Limbo is a San Mateo, California startup with funding from Draper Fisher Jurvetson and Azure Capital. The purpose of the service is to auction off things like plasma TVs, iPods, cars and event tickets, with bids being placed via text messages. The hook is that the winner of the item isn’t the highest bidder. The winner of each auction is the person with the lowest unique bid for that auctioin, meaning no other person bid that exact amount. If lots of people bid $0.01 and you are the only person bidding $0.02, you win.
The company is quick to issue press releases around the incredible deals that winner’s managed to get. This press release, for example, talks about a Salt Lake City woman named Sondra Peterson who won a $35,000 Hummer on a bid of $36.65.
It’s not quite that simple, of course, or Limbo wouldn’t have much of a business model. Bids must be placed via text message or via regular phone. I placed a bid on the 42 inch plasma TV and it required a total of four messages – two sent and two received, to finalize it. Based on my pricing plan, that’s $0.22 on my cell phone bill, some of which Limbo will receive in revenue share. Also, the TV is a Limbo premium auction, which means I was charged an additional $0.99 for my bid. That’s a total cost to me of $1.21, and Limbo is going for more: my last text message said
“Too High! Your bid of 1938c is unique, but there are 265 lower unique bids. Bid again? Rply “HDTB XX” where XX is yr bid in cents. *Bid award: 10 Loot”
If I place another bid, another round of text messages will be billed to my phone along with another $0.99 bid charge. With all of these charges it isn’t hard to see how Limbo can become profitable on a per auction basis. All of these “loot” points are designed to get me to bid often as well. You get these each time you bid, and they can be traded in for tshirts and other items once you’ve accumulated enough of them.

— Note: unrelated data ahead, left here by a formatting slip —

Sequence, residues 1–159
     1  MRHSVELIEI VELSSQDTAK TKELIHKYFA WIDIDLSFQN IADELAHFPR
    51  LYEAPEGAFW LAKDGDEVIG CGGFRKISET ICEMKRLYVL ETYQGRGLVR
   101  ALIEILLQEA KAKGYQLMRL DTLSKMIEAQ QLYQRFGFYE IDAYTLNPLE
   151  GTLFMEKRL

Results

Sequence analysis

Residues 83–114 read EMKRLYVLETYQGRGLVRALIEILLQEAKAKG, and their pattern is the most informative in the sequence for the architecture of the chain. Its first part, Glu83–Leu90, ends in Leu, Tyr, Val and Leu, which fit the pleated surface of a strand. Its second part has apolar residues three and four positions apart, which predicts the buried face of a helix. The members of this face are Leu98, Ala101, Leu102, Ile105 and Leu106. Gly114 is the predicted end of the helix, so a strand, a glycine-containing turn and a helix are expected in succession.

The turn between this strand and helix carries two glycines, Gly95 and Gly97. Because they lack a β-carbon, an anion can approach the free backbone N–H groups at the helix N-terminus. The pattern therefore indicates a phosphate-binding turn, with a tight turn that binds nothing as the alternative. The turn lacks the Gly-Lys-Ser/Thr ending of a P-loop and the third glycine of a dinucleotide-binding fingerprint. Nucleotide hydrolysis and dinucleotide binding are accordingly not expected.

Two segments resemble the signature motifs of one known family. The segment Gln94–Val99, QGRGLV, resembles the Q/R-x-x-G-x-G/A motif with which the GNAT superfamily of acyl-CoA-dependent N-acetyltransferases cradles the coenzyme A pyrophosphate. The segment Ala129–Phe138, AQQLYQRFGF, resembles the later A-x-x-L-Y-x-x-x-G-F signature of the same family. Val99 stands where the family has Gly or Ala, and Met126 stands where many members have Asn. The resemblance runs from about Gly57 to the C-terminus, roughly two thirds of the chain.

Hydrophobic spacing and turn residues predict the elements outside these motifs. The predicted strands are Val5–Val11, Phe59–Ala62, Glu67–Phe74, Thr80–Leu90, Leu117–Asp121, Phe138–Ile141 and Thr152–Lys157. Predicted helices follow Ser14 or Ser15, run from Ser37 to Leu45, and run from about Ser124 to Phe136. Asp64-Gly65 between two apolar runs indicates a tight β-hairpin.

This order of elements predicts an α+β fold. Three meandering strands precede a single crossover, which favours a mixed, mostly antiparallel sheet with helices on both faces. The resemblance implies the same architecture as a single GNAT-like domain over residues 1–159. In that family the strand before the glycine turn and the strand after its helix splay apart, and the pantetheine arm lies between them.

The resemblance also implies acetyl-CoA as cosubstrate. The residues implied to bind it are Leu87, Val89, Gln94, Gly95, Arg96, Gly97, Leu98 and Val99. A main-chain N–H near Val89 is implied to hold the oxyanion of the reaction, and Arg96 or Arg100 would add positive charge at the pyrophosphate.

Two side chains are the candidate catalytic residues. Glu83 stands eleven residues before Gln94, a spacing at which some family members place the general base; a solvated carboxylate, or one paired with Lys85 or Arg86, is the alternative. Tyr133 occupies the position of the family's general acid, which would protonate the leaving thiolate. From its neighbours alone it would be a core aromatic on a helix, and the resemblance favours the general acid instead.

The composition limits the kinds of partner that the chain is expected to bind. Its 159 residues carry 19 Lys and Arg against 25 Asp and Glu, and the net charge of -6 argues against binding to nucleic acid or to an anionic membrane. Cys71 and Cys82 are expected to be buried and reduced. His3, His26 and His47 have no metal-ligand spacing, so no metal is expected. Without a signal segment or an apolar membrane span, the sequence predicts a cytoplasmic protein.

If you aren’t skeptical enough after understanding the basics, the fine print may be enough to keep you away.
Auctions run for a very long time (the TV auction runs from May 15 to June 5. Such a long auction period means there will be a lot of bids, and the chances of winning go down dramatically. Once you place a bid you are automatically going to receive a text message every time a new auction occurs, which you can opt out of only by sending another text message. If you use your home phone, things may be even worse. Limbo explicitly states that they will use your information for marketing purposes. Expect tele-sales calls.
And if you win, shipping isn’t free. You will be charged normal UPS rates on the item (or alternatively you can give them rights you use your picture for promotional purposes). And finally, you will be taxed on the difference between the value of the item and what you actually paid as normal income. So that Hummer that Sondra Peterson won cost her a lot more than $36.65. Not only was she taxed on $35,000 in income, but I can’t imagine what the UPS shipping charges on a Hummer might be.
So all in all, the vast majority of bidders will be paying Limbo without any meaningful chance of winning, they will be subjecting themselves to numerous SMS and other fees, they will be giving explicit consent to use their phone numbers for marketing purposes, and the winners are forced to pay out of pocket fees for taxes and shipping of the item. So, after trying out the service and reading the detailed rules, Limbo seems like more of a gimmick to me (and a costly one) than a chance to get cool stuff for nearly free.